Turkey has been warned by an international watchdog to improve "serious shortcomings" in tackling money laundering and terrorist financing or face being added to a "grey list" should it fail to improve over the coming year.
In a report, Anti-money laundering and counter-terrorist financing measures: Turkey, Paris-based Financial Action Task Force (FATF) stated that Turkey has a low rate of conviction for terrorism financing, pointing to data that the watchdog obtained from authorities showing more than 6,000 people were prosecuted in 2017 but only 115 convicted.
Out of 11 areas evaluated, Turkey was deemed to require major or fundamental improvements in nine. The report's findings mean Ankara will be put under observation for a year, and could be added to the grey list along with countries such as Pakistan, Mongolia and Yemen. if it does not make improvements.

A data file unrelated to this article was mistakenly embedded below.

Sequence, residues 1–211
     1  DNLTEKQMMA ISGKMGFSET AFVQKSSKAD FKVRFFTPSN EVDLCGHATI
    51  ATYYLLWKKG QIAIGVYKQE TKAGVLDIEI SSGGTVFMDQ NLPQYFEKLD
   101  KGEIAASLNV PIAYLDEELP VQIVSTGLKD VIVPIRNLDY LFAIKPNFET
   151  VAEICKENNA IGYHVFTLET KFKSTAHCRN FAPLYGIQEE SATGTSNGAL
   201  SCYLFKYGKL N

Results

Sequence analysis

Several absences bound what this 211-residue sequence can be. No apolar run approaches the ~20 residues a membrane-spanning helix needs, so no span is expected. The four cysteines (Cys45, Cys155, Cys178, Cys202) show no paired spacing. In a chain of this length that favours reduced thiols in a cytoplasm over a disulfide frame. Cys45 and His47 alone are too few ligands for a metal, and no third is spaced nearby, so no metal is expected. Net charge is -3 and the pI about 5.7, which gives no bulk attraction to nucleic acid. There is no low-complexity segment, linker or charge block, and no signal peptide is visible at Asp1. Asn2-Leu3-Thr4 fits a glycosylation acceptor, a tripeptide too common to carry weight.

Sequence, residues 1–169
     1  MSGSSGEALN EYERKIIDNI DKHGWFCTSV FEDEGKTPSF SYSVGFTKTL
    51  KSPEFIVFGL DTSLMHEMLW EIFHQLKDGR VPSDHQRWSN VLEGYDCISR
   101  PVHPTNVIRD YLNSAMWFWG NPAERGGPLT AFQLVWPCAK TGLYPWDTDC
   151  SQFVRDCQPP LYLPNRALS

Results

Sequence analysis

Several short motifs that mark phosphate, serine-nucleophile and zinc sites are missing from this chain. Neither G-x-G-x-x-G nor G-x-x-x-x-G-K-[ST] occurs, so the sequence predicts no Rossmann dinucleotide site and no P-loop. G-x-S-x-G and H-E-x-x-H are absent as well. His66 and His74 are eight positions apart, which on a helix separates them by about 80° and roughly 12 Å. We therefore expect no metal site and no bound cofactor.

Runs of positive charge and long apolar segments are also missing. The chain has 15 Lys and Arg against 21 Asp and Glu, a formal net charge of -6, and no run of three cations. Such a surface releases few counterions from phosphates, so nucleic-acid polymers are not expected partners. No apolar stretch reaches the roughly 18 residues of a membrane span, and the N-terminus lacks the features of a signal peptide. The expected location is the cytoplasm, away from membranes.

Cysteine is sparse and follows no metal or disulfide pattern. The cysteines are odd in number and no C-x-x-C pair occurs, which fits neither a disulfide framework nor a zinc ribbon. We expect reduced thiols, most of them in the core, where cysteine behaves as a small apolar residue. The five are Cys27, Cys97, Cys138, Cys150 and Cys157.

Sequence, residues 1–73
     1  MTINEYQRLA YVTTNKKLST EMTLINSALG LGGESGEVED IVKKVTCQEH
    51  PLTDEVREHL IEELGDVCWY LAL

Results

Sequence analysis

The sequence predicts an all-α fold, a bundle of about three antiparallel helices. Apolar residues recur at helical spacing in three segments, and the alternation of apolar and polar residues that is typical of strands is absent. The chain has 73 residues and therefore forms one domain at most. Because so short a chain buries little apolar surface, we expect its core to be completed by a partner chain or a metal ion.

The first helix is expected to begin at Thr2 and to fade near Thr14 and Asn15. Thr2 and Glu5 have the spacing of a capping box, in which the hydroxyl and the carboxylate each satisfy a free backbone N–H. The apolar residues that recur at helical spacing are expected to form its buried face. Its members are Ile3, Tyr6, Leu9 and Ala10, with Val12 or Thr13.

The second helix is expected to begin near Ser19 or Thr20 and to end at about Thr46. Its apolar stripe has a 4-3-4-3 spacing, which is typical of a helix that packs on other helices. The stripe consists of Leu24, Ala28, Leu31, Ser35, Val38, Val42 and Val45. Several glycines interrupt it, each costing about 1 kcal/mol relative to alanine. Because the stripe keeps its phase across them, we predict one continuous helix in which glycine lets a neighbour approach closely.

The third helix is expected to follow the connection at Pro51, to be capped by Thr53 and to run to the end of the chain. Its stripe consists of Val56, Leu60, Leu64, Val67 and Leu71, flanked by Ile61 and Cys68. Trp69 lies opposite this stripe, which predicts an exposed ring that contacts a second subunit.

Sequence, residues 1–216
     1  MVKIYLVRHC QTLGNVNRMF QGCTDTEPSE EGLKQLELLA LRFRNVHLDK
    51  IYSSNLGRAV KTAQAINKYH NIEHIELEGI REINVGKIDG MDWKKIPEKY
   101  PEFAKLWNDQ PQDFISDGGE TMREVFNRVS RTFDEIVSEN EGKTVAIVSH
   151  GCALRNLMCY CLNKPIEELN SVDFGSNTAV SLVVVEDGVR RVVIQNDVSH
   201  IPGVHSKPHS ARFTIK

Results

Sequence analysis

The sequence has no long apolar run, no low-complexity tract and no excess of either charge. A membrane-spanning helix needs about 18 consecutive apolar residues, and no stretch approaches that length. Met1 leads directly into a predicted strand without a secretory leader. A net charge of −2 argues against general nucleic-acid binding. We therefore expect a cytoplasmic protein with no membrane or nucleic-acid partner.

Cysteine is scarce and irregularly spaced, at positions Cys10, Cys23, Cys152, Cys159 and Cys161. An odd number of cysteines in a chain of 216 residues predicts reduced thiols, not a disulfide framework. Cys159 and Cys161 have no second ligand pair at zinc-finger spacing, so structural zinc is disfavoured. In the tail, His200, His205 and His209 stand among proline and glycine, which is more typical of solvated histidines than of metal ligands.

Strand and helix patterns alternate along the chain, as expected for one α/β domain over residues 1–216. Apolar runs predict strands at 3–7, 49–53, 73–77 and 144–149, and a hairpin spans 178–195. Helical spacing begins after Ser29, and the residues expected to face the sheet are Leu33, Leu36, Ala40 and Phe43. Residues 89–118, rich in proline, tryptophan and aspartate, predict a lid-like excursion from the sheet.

The country should do more to freeze assets linked to terrorism and the proliferation of weapons of mass destruction, said the organisation, which is an independent watchdog tasked with helping combat threats to the international financial system.
The report acknowledges that Turkey has pursued a range of terror suspects in the courts. But it says specific charges related to terrorist financing and money laundering are often given low priority by prosecutors, who tend to focus on other, more serious charges.
It says the practice creates a missed opportunity to "discover financiers and go deeper to understand the broader network and support system" of international terrorist groups.
"When investigating terrorist financing cases, Turkey's authorities focus largely on identifying the assets held by terror suspects, rather than expanding the scope to include the collection, movement, and use of funds or other assets," FATF said.
"Due to its geographic location, the country faces the greatest money laundering risks from drug trafficking, migrant smuggling, human trafficking and fuel smuggling," the FATF added. "The country also faces significant terrorist financing risks from both national and international threats."
Turkey says it abides by all international laws and United Nations resolutions.